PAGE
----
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‘The welfare state has failed them’: Norway's plan to address drug overdose deaths

Frazer Norwell
Frazer Norwell - [email protected]
‘The welfare state has failed them’: Norway's plan to address drug overdose deaths
Norway has seen a sharp increase of overdose deaths. Pictured are Bottles of Naloxone, used to treat a narcotic overdose in an emergency situation. Photo by Angela Weiss/ AFP

Norway will look to reverse an increase in drug and alcohol-related deaths, and the country’s health minister has announced several measures aimed at achieving this.

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Drug-related deaths are at a 20-year high in Norway. Last year, some 363 deaths were reported to be the result of an overdose, which was the highest figure since 2001. There were also 450 alcohol-related deaths in 2023.

“We must recognise that the welfare state has failed for many of them and has not stood up when they have needed it most,” health minister Jan Christian Vestre told TV 2.

While the raw numbers may not seem too dramatic for a country of 5.5 million people, the numbers are quite high compared to some other European countries.

Figures from Eurostat, the EU’s data agency, measured the incidence of drug overdose deaths per million people in Norway at 63 in 2021, placing it among the highest in Europe.

More recent figures from Europe compiled by The Economist also had Norway as one of the countries with the highest incident rates, with 86 people dying as a result of an overdose per million of the population.

Ireland (97) and Estonia (95) had a higher incidence rate than Norway.

Heroin has long been the most common cause of overdoses in Norway. However, prescription drugs now dominate the overdose statistics. Opioids such as morphine, codeine and oxycodone were the most common cause of overdose deaths, followed by heroin, and then synthetic opioids such as protonitazen, buprenorphine, fentanyl and pethidine.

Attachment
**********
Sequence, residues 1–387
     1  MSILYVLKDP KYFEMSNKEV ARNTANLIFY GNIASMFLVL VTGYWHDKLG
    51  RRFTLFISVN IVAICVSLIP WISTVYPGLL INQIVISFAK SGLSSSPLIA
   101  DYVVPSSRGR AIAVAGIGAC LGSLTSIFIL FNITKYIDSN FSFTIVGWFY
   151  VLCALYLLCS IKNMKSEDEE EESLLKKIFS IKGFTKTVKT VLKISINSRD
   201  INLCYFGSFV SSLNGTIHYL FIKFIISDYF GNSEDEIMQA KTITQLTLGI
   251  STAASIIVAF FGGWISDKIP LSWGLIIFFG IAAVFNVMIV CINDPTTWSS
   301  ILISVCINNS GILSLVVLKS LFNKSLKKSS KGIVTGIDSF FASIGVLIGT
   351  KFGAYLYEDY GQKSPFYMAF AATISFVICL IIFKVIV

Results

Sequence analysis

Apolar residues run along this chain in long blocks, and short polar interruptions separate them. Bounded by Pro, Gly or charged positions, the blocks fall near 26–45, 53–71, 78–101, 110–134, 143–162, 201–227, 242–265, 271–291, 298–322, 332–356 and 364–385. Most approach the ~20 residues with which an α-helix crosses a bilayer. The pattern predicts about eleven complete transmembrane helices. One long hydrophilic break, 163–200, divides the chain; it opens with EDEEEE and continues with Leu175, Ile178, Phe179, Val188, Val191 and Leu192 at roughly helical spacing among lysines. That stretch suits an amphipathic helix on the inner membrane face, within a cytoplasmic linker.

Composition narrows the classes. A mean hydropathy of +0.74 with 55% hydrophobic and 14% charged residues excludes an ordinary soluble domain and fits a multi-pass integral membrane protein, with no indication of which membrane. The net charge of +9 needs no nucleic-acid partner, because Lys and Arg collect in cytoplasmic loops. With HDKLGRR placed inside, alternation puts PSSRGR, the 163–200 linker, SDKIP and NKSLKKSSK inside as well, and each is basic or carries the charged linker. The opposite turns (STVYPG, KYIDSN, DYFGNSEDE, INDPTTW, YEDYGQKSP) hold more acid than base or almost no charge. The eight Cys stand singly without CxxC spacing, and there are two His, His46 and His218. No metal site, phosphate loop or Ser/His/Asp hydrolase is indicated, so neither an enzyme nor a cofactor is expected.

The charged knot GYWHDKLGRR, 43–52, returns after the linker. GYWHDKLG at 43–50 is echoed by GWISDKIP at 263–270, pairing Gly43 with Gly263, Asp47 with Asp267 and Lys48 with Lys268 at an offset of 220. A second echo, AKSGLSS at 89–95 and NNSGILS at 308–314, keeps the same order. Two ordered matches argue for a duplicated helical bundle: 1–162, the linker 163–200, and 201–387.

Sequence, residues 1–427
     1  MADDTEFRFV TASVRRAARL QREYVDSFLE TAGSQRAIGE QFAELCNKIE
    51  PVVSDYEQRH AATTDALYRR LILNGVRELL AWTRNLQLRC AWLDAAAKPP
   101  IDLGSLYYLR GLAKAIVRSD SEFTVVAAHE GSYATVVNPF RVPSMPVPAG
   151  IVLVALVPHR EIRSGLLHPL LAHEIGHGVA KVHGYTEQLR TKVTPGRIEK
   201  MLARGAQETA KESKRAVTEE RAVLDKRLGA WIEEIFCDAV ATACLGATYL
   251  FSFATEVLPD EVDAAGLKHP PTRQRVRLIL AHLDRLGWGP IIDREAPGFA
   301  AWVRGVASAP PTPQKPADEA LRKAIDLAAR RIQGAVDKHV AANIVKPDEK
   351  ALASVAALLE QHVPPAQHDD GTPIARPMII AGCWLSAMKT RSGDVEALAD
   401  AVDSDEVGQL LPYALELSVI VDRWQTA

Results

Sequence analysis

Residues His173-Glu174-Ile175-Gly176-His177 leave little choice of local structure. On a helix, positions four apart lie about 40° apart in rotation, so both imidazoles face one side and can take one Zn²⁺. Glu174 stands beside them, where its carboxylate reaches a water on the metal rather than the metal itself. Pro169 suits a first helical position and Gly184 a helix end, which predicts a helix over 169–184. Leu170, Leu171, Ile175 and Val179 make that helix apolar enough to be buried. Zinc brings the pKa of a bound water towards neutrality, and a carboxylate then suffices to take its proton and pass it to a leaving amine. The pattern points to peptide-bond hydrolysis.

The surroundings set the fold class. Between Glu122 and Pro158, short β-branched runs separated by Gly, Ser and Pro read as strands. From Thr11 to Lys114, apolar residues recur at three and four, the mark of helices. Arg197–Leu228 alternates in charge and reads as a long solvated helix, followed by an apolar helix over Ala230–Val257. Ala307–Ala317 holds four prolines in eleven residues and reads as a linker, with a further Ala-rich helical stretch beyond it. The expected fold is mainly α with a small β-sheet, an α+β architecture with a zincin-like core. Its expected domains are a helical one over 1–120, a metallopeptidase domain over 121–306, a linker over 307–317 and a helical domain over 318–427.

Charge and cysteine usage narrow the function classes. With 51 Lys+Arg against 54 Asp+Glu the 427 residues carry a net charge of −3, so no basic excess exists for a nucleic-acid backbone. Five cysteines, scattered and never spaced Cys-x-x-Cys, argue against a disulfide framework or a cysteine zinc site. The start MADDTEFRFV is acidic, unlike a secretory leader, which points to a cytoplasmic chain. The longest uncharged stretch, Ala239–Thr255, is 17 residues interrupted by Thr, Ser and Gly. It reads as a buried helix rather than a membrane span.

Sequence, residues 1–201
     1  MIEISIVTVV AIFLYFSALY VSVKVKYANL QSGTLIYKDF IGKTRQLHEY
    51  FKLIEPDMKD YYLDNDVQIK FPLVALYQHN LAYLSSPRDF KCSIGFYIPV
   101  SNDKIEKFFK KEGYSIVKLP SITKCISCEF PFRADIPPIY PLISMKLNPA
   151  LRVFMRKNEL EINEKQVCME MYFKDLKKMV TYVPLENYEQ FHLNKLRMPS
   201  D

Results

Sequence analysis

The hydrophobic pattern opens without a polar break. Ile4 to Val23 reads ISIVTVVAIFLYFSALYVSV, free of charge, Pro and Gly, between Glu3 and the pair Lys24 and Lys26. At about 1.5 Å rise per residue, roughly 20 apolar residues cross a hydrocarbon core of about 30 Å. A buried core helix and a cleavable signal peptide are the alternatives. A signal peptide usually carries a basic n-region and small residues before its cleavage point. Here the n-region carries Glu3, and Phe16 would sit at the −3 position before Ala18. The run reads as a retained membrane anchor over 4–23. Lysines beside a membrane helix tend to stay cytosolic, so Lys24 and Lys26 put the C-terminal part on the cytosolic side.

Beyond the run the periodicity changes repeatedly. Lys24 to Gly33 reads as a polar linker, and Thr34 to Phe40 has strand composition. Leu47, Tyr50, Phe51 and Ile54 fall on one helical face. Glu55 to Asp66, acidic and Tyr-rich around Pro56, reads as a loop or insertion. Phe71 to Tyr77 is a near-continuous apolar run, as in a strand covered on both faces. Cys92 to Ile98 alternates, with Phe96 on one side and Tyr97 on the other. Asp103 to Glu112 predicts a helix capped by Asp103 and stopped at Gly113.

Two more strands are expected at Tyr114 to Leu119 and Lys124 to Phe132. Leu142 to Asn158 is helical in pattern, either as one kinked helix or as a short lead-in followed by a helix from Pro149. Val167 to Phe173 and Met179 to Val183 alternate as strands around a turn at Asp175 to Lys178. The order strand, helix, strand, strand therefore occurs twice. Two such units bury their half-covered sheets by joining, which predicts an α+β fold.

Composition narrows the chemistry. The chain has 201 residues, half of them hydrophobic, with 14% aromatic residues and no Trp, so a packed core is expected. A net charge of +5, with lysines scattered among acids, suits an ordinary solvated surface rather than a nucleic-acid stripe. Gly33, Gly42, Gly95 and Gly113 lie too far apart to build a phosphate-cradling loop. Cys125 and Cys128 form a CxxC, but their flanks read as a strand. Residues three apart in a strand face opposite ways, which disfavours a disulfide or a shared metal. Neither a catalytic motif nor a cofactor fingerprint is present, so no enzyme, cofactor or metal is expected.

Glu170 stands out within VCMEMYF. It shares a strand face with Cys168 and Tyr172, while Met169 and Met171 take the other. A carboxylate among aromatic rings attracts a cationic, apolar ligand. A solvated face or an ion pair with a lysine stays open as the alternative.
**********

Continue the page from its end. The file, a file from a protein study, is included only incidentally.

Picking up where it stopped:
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In 2023, the number of deaths caused by synthetic opioids was at an all-time high, The Norwegian Institute of Public Health said in a report on overdose deaths.

When asked whether Norway was struggling with an opioid crisis, Vestre said there was every cause for concern.

“The way the numbers are showing now, I think there is every reason for concern and uneasiness,” he said.

“If we do not get control of this situation, and introduce effective measures, the situation could get worse. We must, by all means, avoid that,” he added.

Action plans to prevent drug deaths by previous governments have emphasised heroin as the biggest problem. However, Vestre said the situation had changed.

The health minister has said that three immediate measures would be implemented to try and curb the number of overdose deaths.

Norway’s Directorate of Health has been tasked with implementing an action plan against overdoses, both as a result of illegal and prescription drugs.

New methods would also be established to monitor drug use to allow the authorities to implement measures much faster.

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The health minister also wants to improve and increase treatment options for those with addiction issues. He said there needed to be a robust offer for those with the most severe addiction issues, and he wanted to make treatment for people with addiction more accessible. This measure would include improved access to drug-assisted rehabilitation.

Norway’s Directorate of Health has said that it would consider tightening the use of opioids in the health service.

“ It is certainly one of the things we are now looking at. Both the prescribing rules and stricter requirements for de-escalation plans. In this way, patients who are on strong painkillers for a shorter period of time get a clear plan for when to stop using them,” the directorate told TV 2.

Despite the measures announced, Norway’s government has dragged its heels on a wider drug reform plan. The reform was supposed to be unveiled at the beginning of the year before being postponed.

No date has been set for the unveiling of the reform.

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